Winter has come to a close, and spring is here to bring warmer weather to homeowners. One of the things that residents need to do with the arrival of the new season is to perform a seasonal shutdown on their furnace to save on energy bills. After all, the heating system worked so hard to keep the house warm and cozy all winter.
When you shut down a furnace for the season, you do more than just press the off button or switch on the heating system. You’ll need to accomplish some steps to properly place your furnace into hibernation and get it ready for the next winter. If this is your first time doing a seasonal shutdown on your furnace, keep these things in mind.
Turn off the Pilot Light
While newer furnace models utilize an electronic ignition system, older furnaces still use a pilot light. If you’re using an old type of furnace, turn off the gas supply so that you can switch off the pilot light. Given that the pilot light uses up gas, it’s crucial that you turn it off, especially when you have no immediate plans of using the heating system.
Wash or Replace the Furnace Filters
After turning off the pilot light, the next thing to do is to clean or change the filters to help you preserve your heating system. When performing this step, pull out the filters first and find out whether they are reusable or disposable. If your furnace filter is disposable, throw out the old filter and purchase one of the same type.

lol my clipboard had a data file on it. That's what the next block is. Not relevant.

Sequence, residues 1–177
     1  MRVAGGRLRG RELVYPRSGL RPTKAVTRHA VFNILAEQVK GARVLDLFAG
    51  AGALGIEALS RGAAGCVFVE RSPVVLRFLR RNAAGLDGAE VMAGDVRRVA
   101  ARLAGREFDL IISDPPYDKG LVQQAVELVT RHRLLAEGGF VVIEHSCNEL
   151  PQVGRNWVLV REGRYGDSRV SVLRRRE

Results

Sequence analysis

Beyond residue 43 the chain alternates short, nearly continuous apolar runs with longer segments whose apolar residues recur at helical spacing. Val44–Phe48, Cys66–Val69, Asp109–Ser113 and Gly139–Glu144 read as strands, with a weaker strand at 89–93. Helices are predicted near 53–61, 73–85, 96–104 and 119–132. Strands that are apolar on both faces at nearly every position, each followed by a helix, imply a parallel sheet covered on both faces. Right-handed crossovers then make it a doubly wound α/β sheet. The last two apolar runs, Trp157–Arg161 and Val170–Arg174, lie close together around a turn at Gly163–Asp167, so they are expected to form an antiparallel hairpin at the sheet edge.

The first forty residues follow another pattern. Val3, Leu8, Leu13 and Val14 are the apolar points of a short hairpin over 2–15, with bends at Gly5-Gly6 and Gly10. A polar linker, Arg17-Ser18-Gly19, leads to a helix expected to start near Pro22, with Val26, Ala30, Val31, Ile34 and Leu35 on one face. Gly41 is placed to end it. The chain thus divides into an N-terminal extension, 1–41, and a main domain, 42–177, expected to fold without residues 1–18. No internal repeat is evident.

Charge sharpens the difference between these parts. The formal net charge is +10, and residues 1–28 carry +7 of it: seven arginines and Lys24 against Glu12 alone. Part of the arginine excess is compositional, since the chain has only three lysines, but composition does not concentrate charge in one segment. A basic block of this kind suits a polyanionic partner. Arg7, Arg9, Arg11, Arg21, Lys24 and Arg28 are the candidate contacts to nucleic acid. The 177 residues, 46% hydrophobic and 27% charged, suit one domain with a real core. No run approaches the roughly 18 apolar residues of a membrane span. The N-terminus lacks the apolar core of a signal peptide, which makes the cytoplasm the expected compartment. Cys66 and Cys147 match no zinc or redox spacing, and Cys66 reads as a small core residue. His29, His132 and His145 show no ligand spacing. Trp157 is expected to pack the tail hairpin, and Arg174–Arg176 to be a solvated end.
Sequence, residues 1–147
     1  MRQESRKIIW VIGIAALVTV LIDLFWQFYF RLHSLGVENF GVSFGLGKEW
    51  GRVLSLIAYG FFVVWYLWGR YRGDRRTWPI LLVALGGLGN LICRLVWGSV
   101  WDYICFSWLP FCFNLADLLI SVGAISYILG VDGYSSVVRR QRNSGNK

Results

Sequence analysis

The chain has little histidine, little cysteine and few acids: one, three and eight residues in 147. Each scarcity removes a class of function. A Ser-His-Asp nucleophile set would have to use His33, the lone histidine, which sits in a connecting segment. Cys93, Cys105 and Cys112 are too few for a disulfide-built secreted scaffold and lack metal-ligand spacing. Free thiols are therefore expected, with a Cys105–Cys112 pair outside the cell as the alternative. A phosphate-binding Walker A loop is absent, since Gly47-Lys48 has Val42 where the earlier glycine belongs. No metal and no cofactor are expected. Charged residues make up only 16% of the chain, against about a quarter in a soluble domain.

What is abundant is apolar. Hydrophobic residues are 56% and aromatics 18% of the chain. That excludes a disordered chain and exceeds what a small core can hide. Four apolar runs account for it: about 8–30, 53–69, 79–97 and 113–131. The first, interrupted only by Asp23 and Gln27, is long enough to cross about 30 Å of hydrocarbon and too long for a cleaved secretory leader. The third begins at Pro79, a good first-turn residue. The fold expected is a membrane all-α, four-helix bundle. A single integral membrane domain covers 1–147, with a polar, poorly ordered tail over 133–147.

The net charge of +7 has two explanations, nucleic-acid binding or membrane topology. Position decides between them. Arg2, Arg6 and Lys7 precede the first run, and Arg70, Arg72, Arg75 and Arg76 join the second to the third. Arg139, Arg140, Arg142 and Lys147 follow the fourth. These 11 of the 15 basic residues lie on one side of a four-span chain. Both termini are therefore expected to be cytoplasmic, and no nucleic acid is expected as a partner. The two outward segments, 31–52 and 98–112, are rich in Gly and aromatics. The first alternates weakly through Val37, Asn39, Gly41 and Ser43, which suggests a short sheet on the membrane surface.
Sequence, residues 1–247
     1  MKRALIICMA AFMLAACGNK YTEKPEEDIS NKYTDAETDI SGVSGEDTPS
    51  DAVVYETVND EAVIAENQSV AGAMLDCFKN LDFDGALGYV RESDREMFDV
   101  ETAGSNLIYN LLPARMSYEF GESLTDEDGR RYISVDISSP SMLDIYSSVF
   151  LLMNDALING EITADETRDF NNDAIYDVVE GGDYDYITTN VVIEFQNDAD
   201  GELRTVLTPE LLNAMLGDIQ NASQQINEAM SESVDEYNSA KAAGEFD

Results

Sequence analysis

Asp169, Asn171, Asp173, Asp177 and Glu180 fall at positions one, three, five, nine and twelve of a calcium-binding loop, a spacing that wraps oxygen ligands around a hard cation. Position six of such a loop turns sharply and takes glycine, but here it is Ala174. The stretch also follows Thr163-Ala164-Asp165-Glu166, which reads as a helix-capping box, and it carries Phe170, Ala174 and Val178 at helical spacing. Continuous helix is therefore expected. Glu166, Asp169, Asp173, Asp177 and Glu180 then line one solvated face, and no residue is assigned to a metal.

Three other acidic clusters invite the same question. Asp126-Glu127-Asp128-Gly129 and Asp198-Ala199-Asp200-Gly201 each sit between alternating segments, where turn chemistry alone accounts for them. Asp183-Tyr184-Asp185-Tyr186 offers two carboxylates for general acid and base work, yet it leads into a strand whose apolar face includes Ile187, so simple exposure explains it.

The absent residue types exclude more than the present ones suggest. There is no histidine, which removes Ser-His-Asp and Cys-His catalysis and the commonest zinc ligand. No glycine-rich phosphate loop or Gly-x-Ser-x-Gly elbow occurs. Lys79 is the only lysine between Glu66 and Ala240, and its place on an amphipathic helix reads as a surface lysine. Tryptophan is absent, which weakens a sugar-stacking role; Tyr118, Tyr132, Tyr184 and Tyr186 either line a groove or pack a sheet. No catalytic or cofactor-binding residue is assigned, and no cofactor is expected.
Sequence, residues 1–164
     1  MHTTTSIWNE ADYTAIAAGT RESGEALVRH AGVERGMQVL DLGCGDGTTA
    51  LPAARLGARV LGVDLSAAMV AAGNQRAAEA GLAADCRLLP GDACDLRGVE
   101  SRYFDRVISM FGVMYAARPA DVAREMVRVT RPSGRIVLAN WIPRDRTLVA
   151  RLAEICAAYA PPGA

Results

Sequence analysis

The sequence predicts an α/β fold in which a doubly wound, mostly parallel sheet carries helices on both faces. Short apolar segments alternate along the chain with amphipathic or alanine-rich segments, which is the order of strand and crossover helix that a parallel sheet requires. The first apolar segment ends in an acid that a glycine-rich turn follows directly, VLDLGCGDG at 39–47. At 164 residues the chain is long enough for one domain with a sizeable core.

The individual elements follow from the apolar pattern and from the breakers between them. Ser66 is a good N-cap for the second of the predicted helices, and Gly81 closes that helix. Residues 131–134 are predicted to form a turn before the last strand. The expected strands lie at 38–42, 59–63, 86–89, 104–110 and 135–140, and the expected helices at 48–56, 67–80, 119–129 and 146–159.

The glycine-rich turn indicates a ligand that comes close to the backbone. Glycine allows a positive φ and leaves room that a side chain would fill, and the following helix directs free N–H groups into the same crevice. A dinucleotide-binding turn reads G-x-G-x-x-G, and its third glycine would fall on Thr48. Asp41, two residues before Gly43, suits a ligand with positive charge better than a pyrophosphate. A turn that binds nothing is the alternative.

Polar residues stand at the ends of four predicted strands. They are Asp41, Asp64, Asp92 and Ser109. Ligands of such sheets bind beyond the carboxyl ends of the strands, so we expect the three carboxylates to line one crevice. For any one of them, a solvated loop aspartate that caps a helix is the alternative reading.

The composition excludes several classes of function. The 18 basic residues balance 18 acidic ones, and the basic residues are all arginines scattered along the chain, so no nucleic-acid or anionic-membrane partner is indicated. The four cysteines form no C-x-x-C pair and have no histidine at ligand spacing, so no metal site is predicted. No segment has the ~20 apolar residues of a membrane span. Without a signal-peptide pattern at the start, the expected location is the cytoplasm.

If your filter is reusable, wash it thoroughly and reinstall it back into your heating system. New or cleaned filters help make sure that your furnace is ready to go for the next winter.
Clean the Surrounding Area of the Furnace
It’s not enough to clean the furnace filter. You should also clean the surrounding area of your heating system. If your furnace is in the basement or inside a storage closet, take the time to get rid of the nearby junk or debris. It is vital to keep the furnace area clean to keep dust, dirt, and other debris from entering the furnace and damaging the system.
Check for Carbon Monoxide
Turning off the furnace does not automatically mean that the heating system is no longer emitting hazardous carbon monoxide fumes. Check your Carbon Monoxide (CO) detector to determine if your furnace is releasing these potentially lethal gases. A good way to do this would be to position the detector near the furnace and see if the device goes off. If it detects the presence of carbon monoxide, get in touch with a professional technician right away.
If you need a qualified and reliable technician who performs furnace repairs in St. Louis, turn to Superior Heating & Cooling. Count on our insured, certified, and highly trained furnace service professionals to fix your furnace and get it functioning again. Our technicians will not leave until they’re confident that your furnace is operating normally.
Schedule an appointment with us today.